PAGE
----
MP Update – 26th March


The whole world was shocked this week by the multiple terrorist attacks launched by ISIL Daesh on the people of Brussels. This is the fourteenth attack in Europe since the start of 2015, killing at least 31 people and injuring hundreds more. On Wednesday the Home Secretary made a statement in the Commons about the threat that we face from terrorism in the United Kingdom. She confirmed that the UK’s terror threat level remains at ‘severe’, meaning that an attack is highly likely, and stated that seven plots linked to, or inspired by, Daesh to attack the UK have been disrupted by the police and the security services over the last 18 months. The Government have intensified Border Force checks at border controls in Belgium and France, increased numbers of officers present at ports and introduced enhanced searching of inbound tourist vehicles.

Whilst all our thoughts will be with the people of Brussels, we also remember that there are many victims of attacks by Daesh around the world. In my view we have to do everything we can to combat such evil and root out those responsible.


  • Last week saw the launch of the Nottingham Centre for Children, Young People and Families. Experts at Nottingham Trent University are seeking to address inequalities in health and life chances of children, young people and families in Nottinghamshire – and nationally. The Centre will bring together over 80 researchers from the university, along with organisations working in the sector, and the affected children and families themselves. With Nottingham ranking highly on the national deprivation scale, and with 36% of the city’s children living in poverty, it is hugely welcome to see Nottingham Trent University taking this bold step to tackle inequality and improve the everyday experiences and outcomes of children, young people and families.
  • A neglected space in St Ann’s is going to be transformed thanks to a grant awarded to Groundwork Greater Nottingham (a regeneration organisation that aims to improve lives of people in the area) by The Veolia Environmental Trust. The grant will be used to transform Britten Gardens into a wildlife area, and to also install seating and lay footpaths. A start date for the project has yet to be finalised, but I look forward to hearing more about the project as it progresses.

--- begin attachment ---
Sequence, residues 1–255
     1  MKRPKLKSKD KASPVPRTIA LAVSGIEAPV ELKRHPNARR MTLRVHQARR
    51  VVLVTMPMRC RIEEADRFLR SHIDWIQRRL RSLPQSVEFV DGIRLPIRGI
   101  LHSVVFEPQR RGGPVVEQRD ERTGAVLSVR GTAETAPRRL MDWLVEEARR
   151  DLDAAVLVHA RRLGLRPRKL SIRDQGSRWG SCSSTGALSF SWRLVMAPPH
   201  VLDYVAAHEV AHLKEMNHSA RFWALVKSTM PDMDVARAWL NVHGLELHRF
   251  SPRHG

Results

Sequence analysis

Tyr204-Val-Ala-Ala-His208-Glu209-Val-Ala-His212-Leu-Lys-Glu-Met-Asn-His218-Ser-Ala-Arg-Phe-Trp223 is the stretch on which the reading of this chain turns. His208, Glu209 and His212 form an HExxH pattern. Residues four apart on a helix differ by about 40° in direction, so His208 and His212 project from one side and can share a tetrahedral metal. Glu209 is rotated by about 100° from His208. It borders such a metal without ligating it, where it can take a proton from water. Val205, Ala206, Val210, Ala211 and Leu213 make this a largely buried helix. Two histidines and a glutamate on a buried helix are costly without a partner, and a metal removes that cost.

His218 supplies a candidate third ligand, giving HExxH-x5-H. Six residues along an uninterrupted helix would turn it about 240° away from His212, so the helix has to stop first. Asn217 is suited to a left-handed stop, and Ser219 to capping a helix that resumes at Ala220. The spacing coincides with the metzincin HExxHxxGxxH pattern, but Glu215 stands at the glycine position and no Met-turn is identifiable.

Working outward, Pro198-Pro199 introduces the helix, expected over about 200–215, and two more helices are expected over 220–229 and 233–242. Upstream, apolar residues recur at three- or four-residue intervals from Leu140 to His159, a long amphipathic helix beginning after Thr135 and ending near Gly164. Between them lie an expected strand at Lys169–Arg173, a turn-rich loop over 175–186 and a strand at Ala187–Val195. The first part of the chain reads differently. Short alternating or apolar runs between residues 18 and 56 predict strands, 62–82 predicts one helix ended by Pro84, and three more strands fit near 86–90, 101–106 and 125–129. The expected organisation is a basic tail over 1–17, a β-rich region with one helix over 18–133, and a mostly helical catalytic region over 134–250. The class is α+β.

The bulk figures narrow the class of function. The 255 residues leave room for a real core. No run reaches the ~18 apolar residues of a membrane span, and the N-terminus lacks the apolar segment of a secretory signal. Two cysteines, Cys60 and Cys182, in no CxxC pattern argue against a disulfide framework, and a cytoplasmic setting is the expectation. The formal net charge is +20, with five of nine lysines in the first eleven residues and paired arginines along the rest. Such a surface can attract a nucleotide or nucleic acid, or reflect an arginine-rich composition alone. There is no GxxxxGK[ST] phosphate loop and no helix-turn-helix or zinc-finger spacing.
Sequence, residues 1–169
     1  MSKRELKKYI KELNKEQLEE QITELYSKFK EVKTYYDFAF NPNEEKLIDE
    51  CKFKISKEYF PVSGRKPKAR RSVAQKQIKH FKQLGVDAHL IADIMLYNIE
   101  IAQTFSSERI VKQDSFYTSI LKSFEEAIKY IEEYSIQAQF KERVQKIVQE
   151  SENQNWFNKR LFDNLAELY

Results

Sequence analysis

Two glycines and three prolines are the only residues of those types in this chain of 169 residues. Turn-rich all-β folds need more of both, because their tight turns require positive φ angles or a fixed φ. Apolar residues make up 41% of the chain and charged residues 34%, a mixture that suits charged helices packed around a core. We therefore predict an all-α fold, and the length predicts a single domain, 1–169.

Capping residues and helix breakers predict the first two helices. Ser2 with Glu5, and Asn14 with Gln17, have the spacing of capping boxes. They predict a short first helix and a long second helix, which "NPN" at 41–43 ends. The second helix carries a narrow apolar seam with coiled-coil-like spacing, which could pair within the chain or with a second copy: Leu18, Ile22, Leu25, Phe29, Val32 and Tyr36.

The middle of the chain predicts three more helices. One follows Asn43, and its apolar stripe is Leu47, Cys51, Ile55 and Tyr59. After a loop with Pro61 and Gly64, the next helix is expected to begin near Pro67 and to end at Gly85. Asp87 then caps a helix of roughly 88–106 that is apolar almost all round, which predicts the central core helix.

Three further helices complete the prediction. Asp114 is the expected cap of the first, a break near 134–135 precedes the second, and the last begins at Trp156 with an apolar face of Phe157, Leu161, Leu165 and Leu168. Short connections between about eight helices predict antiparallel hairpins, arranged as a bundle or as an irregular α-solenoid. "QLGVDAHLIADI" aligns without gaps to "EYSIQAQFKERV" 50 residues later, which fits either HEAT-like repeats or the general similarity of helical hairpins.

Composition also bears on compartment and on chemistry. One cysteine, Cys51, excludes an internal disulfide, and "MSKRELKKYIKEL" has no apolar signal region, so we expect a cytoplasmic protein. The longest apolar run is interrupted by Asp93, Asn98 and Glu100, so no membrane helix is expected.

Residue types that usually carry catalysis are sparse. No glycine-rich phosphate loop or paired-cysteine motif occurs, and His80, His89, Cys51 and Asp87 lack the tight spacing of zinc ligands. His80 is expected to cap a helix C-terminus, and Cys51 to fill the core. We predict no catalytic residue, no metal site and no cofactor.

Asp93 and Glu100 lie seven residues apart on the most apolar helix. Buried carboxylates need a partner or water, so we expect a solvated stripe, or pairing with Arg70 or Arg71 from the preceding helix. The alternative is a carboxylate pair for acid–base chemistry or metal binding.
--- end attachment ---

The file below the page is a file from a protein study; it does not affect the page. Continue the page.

• If you are looking for activities over this Easter weekend or over the school holidays, there are a range of events taking place across the city in the coming weeks. The City Council has a list of Easter events on their website, which you can find by clicking here.
  • Nottingham Hospitals Charity has given over £1.4m to support projects across Nottingham University Hospitals NHS Trust that have been deemed ‘outstanding’ by the Care Quality Commission. The projects supported by the charity include Pocket Midwife, an app for mums-to-be developed at NUH which has been nominated for several awards, and the Playlist for Life project which works to improve services for dementia patients. It was great to meet with the charity a few weeks ago to discuss their work, and I look forward to following their continued work supporting projects at NUH.


  • It has been quite an eventful final week in the Commons before the Easter recess (and as usual these MP Update bulletins will return when Parliament is back). The fall-out from Iain Duncan-Smith’s resignation played out throughout the week, starting on Monday when a Treasury Minister (David Gauke) was forced to come to the chamber and explain the tangled web engulfing the Chancellor’s Budget. With the former Work and Pensions Secretary sayig that the cuts to disability benefits were “not defensible in the way they were placed within a Budget that benefits higher earning taxpayers”, it was inevitable that the Government would have to abandon their planned cuts to disability benefits, however, now leaving a £4.4 billion funding gap in the Budget. Ministers have not yet outlined how this hole in the Budget will be filled, delaying any announcement on public finances and the compliance with the welfare cap until the Autumn Statement. Stephen Crabb, the new Work and Pensions Secretary, then made a statement to the House of Commons on welfare. He confirmed that the Government would now not be going ahead with the changes to Personal Independence Payments (PIP). I was very concerned about these changes which could have seen 370,000 disabled people lose £3,500 a year, which is why I asked the new Minister to apologise. I also pressed the Prime Minister on Monday to justify the near £3billion giveaway to the very wealthiest in society through his decision to cut Capital Gains Tax. That issue is also, I believe, an example of the Government making the wrong priorities. When the Chancellor eventually came to the Commons on Tuesday, I intervened in his speech asking if he’d confirm he had made a mistake – and whether he would say sorry. You can see from the excerpt of film from that debate (at 13:01:40 in this clip) that he just couldn’t bring himself to do so: